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Yesterday, the UN Security Council unanimously passed a watered-down resolution demanding full cooperation from Syria and its dictator, Bashar Assad, in the investigation into the assassination of Lebanese politician Rafik Hariri. The resolution gained Russian and Chinese support only when the sponsoring nations of the US, UK, and France removed the specific threat of economic sanctions:
The Security Council voted unanimously on Monday to compel Syria to stop obstructing a United Nations investigation into the assassination of the former Lebanese prime minister Rafik Hariri or face unspecified "further action."
The 15-to-0 vote was a diplomatic shunning of Syria, which has found itself increasingly isolated since the publication 10 days ago of an initial report by the chief United Nations investigator in the case that identified high-ranking Syrian officials as suspects in the assassination. Among the votes was that of Algeria, the Arab representative on the Council.
While the resolution that was approved did not include a threat of specific economic sanctions, as some earlier drafts did, it keeps such options on the table because it was adopted under a provision that gives the United Nations broad powers to punish noncompliance.
The measure orders Syria to cooperate "fully and unconditionally" with the inquiry and to give complete access to places, documents and people that investigators ask for - a caveat that diplomats said included President Bashar al-Assad, who has refused to be interviewed. The measure further orders Syria not to meddle in Lebanon's domestic politics, and it calls for international travel bans and asset freezes on suspects the investigation refers to a Security Council panel.
The weakened resolution lost some of its power when the two veto-holding nations demanded the last-minute edit. The true power of the resolution came from the threat of economic isolation, which would spell an end to the two-generation rule of the Assad family over the last 40 years. While the new resolution specifies that other actions will be taken if Syria refuses, the failure of Russia and China to support a sanctions regime at even the threat stage doesn't bode well for any concrete action coming from the UN.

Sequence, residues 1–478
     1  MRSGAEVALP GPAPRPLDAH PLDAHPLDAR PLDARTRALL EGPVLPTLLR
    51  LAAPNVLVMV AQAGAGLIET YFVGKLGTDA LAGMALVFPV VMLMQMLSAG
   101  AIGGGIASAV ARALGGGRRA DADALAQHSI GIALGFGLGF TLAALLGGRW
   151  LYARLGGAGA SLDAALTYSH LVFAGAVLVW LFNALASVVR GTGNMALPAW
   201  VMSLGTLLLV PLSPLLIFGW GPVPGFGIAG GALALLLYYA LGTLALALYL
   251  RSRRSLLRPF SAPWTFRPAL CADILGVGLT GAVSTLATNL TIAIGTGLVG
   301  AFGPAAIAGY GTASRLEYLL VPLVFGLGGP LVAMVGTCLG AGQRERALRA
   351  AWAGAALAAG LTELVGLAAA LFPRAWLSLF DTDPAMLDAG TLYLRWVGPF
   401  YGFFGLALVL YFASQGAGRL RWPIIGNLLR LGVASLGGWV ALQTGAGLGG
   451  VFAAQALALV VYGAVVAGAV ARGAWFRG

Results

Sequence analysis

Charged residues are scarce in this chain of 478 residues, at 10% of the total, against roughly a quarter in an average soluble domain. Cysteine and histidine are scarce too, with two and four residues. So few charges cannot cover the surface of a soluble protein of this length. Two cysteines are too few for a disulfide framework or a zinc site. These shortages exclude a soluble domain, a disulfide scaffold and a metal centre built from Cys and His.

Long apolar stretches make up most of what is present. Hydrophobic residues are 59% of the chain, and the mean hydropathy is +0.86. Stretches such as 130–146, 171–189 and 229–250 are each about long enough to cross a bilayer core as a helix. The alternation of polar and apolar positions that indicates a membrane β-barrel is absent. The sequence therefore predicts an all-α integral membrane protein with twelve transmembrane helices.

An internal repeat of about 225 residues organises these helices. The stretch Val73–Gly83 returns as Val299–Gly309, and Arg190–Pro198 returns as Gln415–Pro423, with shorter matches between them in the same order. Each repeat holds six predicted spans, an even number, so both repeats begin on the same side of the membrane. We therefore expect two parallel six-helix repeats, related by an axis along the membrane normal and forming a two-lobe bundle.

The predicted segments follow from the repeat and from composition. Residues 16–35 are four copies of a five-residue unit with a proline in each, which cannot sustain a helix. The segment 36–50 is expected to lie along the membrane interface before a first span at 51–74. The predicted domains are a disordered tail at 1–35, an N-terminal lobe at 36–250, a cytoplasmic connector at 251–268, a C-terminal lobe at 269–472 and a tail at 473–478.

The Syrians did not lose this point, either. In fact, after acting rather strangely in the UNSC debate by accusing the three sponsoring nations of foreknowledge of al-Qaeda attacks, they have rejected the resolution completely this morning:
Syria has angrily rejected a U.N. Security Council resolution that demands Damascus cooperate fully in the investigation into the killing of Lebanon's former prime minister Rafik Hariri or face "further measures." ...
Syria's Foreign Minister Farouk al-Sharaa said the U.N. report convicted Syria before it faced trial, and he wondered why the United Nations had assumed its forces were guilty just because they were in Lebanon at the time of the bombing.
Since the Syrians supposedly had their forces in Lebanon to "stabilize" their neighbor, then one would at least assume that the carbombing assassination represented a massive failure on the part of the Syrians to deliver on that promise. However, the preliminary report of the murder shows plenty of evidence and testimony that they did more than just show up when the bomb went off, and that evidence comes from a UN investigation that still hasn't gotten any cooperation from Syria. Their stonewalling has not had the effect they want of killing the inquiry. If the initial report doesn't "convict" Syria as its foreign minister claims, its refusal to cooperate fully with further investigation shows that Syria has much to hide about Hariri's assassination, and that the Assad regime in particular has significant involvement.
The UNSC must enforce this resolution immediately. If the Russians and the Chinese veto any meaningful consequences for Syria's intransigence, then they will not mind if later we just skip the entire UNSC pas de deux when it comes to Iran. If the two expect us to consult them on issues like this in the future, they'd better start coming up with better answers than they have for the past three years on the UNSC. In the meantime, the sponsoring nations can put a big dent in the Syrian economy, perhaps big enough to push Bashar Assad out of Syria altogether.Sphere It View blog reactions
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Tracked on November 1, 2005 6:49 AM
» Bullets, Not Ballots from Hard Starboard
Over the past week or two Ed Morrissey has been enthusiastically talking up the possibilities for bringing about regime change in Syria via the Franco-American-UN-multilateralist-diplomatic route. Most recently, last Saturday: As more pressure ... [Read More]
Tracked on November 1, 2005 2:07 PM
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